Measles outbreak grows: Can Pa. vaccination rate keep it out?

 pennlive.com  04/17/2019 16:51:00  2  David Wenner | dwenner@pennlive.com

The United States is in the midst of the second biggest measles outbreak since the highly contagious illness was officially wiped out in 2000.

As of last week, about 560 cases had been reported to the U.S. Centers for Disease Control and Prevention. Thats the highest since 2014, when there were 667 cases. In recent years, the case count has fallen as low 86 in 2016.

The current cases come from 20 states, although not Pennsylvania. It takes three or more cases in close proximity to be considered an outbreak. Under that standard, outbreaks are occurring in five states, including New York and New Jersey.

As of 2000, measles hasnt existed on its own in the United States, meaning all U.S. cases stemmed from someone becoming infected in a foreign country.

The current outbreak is being attributed to the anti-vaccine movement and pockets of people who dont allow their children to be vaccinated for religious reasons.

Doctors say a 95 percent immunization rate can protect schools and communities from measles outbreaks. With that many people vaccinated, the disease has no opportunity to gain a foothold. As a result, even people who cant receive vaccination for medical reasons are at low risk.

The overall vaccination rate among Pennsylvania school students puts them above the threshold for so-called herd immunity, according to the most recent immunization data from the Pennsylvania Department of Health.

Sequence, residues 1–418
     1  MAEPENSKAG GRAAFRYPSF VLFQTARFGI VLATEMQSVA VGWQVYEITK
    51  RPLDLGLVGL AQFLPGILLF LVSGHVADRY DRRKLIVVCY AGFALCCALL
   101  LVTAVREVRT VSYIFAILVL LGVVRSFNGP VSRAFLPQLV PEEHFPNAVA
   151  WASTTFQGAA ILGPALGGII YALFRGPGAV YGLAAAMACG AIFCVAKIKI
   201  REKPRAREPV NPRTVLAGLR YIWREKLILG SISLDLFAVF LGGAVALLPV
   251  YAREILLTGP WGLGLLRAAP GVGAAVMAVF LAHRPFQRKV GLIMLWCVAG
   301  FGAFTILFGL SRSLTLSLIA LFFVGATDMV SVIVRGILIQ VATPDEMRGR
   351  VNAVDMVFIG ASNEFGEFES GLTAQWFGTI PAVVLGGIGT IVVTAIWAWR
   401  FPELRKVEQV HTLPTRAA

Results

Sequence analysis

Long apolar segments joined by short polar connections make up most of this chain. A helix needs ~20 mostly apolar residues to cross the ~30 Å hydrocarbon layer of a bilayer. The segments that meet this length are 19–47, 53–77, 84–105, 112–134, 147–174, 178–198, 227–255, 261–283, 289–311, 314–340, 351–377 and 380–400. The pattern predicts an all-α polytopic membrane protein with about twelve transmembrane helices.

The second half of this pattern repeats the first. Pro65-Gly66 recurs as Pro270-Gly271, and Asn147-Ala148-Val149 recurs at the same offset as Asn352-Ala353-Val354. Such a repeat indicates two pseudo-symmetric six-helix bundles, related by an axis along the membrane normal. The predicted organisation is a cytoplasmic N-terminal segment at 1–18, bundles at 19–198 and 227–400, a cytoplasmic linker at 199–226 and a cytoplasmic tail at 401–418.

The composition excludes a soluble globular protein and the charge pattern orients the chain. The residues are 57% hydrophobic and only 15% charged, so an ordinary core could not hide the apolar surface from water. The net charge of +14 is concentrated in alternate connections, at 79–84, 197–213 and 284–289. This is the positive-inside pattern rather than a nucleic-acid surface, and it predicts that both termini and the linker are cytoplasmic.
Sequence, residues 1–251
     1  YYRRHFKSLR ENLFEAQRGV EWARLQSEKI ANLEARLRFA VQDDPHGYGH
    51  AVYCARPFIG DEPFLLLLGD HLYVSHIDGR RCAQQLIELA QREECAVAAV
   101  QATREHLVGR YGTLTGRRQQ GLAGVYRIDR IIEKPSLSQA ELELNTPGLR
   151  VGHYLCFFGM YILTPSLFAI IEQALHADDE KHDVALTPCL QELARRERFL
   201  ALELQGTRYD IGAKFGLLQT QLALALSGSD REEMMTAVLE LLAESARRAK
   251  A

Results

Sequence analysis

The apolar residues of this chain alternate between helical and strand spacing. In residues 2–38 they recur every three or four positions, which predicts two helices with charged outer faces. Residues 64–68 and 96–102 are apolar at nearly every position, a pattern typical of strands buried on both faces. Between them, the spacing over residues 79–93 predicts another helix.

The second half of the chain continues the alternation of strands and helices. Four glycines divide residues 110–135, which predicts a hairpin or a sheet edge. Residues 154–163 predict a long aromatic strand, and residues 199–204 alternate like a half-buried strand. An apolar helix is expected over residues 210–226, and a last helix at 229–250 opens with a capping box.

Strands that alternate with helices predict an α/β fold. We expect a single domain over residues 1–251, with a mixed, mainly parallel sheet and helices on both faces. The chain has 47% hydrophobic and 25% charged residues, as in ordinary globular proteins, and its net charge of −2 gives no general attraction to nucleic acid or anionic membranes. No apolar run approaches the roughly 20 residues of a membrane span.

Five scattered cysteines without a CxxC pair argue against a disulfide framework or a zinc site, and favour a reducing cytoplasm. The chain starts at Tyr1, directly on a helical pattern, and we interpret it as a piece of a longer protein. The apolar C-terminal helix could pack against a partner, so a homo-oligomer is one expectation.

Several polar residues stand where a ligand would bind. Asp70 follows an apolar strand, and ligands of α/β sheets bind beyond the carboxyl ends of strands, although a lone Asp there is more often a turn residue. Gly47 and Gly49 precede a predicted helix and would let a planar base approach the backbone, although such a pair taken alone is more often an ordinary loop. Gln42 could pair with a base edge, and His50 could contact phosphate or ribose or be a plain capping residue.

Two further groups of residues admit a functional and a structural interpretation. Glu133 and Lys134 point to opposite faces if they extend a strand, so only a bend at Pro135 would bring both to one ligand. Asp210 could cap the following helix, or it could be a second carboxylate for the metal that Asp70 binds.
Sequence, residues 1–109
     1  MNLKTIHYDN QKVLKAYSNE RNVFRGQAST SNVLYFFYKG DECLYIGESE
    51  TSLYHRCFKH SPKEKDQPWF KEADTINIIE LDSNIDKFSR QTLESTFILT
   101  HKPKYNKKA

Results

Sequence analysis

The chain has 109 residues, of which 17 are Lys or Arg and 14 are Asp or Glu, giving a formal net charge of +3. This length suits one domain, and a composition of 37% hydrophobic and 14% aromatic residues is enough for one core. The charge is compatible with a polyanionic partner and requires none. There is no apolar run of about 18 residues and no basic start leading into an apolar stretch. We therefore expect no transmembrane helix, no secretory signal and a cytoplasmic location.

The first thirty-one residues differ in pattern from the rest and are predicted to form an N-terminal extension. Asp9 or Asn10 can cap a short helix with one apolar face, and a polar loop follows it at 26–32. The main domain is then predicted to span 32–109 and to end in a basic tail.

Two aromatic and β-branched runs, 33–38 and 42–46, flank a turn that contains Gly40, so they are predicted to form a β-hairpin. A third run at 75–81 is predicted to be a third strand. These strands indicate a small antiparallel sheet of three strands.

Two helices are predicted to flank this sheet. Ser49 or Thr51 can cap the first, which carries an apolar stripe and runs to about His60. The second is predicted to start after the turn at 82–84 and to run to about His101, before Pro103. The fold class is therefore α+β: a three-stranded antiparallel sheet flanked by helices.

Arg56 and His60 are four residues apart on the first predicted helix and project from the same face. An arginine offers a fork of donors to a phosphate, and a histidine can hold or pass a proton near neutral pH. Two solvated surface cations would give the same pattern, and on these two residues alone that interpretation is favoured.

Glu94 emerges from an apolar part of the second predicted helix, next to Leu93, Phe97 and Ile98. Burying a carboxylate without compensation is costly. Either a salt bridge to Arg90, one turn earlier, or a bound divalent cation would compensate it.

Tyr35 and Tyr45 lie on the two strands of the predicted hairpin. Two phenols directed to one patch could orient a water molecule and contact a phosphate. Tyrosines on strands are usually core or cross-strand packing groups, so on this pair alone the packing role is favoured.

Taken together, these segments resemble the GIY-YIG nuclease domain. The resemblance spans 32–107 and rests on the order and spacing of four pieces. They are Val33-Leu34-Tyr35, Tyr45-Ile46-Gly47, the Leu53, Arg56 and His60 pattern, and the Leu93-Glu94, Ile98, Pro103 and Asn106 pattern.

But that doesnt mean Pennsylvania is without communities which, because of lower vaccination rates, are vulnerable to outbreaks.

In Lancaster County, for example, nearly 10 percent of students have obtained an exemption from common childhood vaccines, according to a recent LancasterOnline editorial which called on state lawmakers to ban non-medical exemptions.

Statewide, 96.8 percent of Pennsylvania kindergartners had two doses of the MMR vaccine during the 2017-2018 school year. The MMR vaccine protects against measles as well as mumps and rubella, also known as German measles.

Those figures include public as well as private schools.

Among seventh-graders, 97 percent had the required doses of MMR, according to the health department.

Pennsylvania children can be exempt from having the vaccine for religious, philosophical or medical reasons.

According to the health department, 123,377 children were enrolled in kindergarten in 2017-2018. Among them, 559 had received medical exemptions, 1,371 had received religious exemptions and 1,526 had received philosophical exemptions.

Also, 2,641 had been enrolled provisionally, meaning they had provided assurances they were in the process of getting the required vaccines.

Eighty-eight kindergartners were denied admission to school because they lacked required vaccines, according to the health department. Among seventh-graders, 105 were denied because they lacked required vaccines.

People who arent vaccinated have high odds of becoming infected if they are around someone carrying measles.

The largest outbreak is taking place in New York City and is believed to have originated with people who traveled to Israel.

An outbreak in Michigan is being attributed to someone who traveled there from New York.

Measles involves a high fever, cough and a rash. Some people, however, come down with complications that can be fatal or cause permanent damage. About one in ten people who get measles come down with ear infections, and roughly one in 20 develop pneumonia, according to the CDC. About one in 1,000 children who get measles develop a swelling of the brain which can result in deafness or intellectual disability.

About one in four people who get measles will need to be hospitalized, according to the CDC.

About one or two per thousand children who get measles will die from it, according to the CDC.

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